But what does it mean to concur in another’s bad will and concurring only in another’s action? (p. 192). Boyle will say, after several paragraphs of discussion that, “Actions involving no intention to contribute to wrongdoing can have the effect of contributing to it [e.g. the conscientious taxpayer contributing to immoral governmental actions]. Such actions are what St. Alphonsus and the later tradition regarded as material cooperation; they do contribute to wrongdoing, and that is why they are morally problematic. But they do not involve the kind of willing – intending and choosing – which could identify one’s moral act with that of the wrongdoer. That one’s action contributes to wrongdoing is a side effect. As St. Alphonsus explains, one’s anticipation of the misuse of one’s action by the principal wrongdoer does not make that misuse morally one’s own.” (p. 193)
On the other hand, as Boyle puts it, “one’s choice or intention concurs with that of a wrongdoer just in case something one chooses or intends is included within what is wrongful in the will of the wrongdoer” (p. 193). He gives examples on pp. 193-194 to illustrate the concept of concurring in another’s bad will.
Boyle goes on to argue that, despite what his examples might seem to imply, difficult cases will arise not simply in the areas of material cooperation; cases of formal cooperation can also be difficult to detect (p. 195). He tells us that “the cases requiring careful moral analysis are not so much those involving close behavioral connections with wrongdoing but are those in which one participates in organizing institutional and contractual relationships to keep wrongdoing at a distance by providing it, as it were, some social space” (p. 195). [Note: One case involving this close behavioral connection Boyle had already mentioned: the case of nurses choosing “behaviors very closely and immediately related to abortion for the sake of keeping their jobs” – these persons, he argues, can be “cooperating with abortion only materially (though not necessarily justifiably)…” (p. 195)]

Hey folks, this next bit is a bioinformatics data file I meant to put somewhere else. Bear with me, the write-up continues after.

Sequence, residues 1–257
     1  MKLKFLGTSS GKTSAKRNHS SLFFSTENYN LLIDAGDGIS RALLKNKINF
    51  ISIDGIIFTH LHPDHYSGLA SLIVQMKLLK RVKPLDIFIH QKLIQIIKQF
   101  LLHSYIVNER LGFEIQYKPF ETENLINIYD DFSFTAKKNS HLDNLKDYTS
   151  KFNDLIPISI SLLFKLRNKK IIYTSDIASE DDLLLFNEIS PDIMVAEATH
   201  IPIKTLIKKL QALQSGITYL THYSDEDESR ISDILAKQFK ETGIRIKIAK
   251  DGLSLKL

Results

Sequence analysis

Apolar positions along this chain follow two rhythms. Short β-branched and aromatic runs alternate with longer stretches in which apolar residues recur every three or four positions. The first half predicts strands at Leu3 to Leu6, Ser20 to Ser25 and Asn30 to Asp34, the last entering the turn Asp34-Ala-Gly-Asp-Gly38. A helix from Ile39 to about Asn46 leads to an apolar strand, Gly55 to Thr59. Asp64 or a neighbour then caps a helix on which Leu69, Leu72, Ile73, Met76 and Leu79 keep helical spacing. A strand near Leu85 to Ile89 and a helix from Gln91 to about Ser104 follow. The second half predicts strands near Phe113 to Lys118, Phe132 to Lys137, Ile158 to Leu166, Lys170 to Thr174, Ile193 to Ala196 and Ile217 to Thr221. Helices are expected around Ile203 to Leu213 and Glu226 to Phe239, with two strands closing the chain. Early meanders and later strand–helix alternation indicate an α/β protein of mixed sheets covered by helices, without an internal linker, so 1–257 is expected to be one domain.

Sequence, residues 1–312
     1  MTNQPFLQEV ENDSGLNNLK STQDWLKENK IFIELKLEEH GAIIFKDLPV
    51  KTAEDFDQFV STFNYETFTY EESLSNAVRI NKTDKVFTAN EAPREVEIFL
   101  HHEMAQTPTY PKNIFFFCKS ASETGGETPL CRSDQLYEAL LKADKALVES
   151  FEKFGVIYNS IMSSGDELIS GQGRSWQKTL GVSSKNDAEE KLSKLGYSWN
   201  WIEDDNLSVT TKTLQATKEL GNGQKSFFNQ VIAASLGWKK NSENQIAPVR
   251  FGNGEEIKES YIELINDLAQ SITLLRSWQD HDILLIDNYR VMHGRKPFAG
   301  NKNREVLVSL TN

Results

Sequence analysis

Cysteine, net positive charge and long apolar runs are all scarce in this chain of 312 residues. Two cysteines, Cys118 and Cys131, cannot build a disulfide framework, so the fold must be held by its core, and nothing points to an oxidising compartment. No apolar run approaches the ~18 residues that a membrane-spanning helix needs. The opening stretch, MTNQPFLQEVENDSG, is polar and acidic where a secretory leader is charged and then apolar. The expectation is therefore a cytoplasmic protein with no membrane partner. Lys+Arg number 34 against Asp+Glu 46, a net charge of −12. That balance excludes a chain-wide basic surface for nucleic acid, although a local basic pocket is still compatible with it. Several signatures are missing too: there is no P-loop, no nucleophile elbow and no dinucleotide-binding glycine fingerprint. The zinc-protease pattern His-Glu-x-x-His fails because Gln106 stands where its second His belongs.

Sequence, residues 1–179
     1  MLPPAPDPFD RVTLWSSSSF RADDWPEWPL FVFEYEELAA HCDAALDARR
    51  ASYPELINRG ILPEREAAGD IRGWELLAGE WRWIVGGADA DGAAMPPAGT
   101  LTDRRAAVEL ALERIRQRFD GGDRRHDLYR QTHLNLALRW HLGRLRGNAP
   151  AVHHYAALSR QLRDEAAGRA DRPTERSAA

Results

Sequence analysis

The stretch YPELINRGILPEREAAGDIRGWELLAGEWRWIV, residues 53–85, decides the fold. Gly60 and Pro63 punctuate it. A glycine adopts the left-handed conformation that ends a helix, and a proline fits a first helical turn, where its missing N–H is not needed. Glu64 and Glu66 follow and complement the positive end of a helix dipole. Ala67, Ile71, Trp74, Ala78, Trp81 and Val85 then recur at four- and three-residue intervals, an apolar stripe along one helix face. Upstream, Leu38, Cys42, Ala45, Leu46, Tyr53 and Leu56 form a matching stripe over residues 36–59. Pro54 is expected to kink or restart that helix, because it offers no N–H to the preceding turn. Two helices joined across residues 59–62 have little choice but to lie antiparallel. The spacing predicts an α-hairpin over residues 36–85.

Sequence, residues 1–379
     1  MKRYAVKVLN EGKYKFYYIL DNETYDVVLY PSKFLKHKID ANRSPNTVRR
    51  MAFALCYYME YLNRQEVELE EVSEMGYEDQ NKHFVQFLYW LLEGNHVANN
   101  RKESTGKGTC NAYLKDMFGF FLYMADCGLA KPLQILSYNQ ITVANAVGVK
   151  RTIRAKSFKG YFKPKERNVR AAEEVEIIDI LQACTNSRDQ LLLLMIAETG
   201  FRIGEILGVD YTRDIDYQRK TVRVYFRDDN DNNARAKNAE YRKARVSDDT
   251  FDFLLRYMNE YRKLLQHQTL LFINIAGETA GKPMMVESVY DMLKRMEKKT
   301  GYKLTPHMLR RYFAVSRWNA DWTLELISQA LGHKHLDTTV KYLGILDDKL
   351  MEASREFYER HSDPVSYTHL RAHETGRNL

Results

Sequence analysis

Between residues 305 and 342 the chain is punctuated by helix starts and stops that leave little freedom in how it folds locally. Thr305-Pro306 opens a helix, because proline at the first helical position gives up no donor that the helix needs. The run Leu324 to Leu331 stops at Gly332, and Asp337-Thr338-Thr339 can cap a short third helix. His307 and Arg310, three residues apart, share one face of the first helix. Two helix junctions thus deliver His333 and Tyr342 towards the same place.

“If one must do something to guarantee the [above] provision, even if by someone else, of these services, then there seems to be formal cooperation: the means to getting the contract is providing for immoral services” (p. 196). So, Boyle concludes, “keeping wrongdoing at a distance is compatible with formally cooperating in it”; and this for Boyle is “the main reason why cases of institutional cooperation with evil are so difficult.” (p. 196)
Finally, Boyle attends to the difficulties of Catholic hospitals in the U.S., often pressured as they are by financial and governmental exigencies. They are not asked to sponsor immoral services, but to “integrate into a system that provides for such things” (p. 196). To suppose, however, that formal cooperation is never a concern is not justified. Boyle remarks: “The details of the arrangements must be carefully considered to determine how exactly the Catholic institution’s participation is related to the immoral activities; if it must guarantee them, then the cooperation is immoral, and if the cooperative venture cannot succeed unless the wrongdoing is carried on, even with no help from the Catholic partner, then the temptation and corporate sin of thought raise questions that are distinct from those of material cooperation.” (p. 196)
Boyle concludes the section as follows: “In effect, the tradition says to the person thus perplexed [about contributing to wrongdoing]: the fact that your action is behaviorally distinct from the wrongdoing to which you contribute does not guarantee that the wrongdoing is not your own.” (p. 196)
B. The conditions under which material cooperation is justified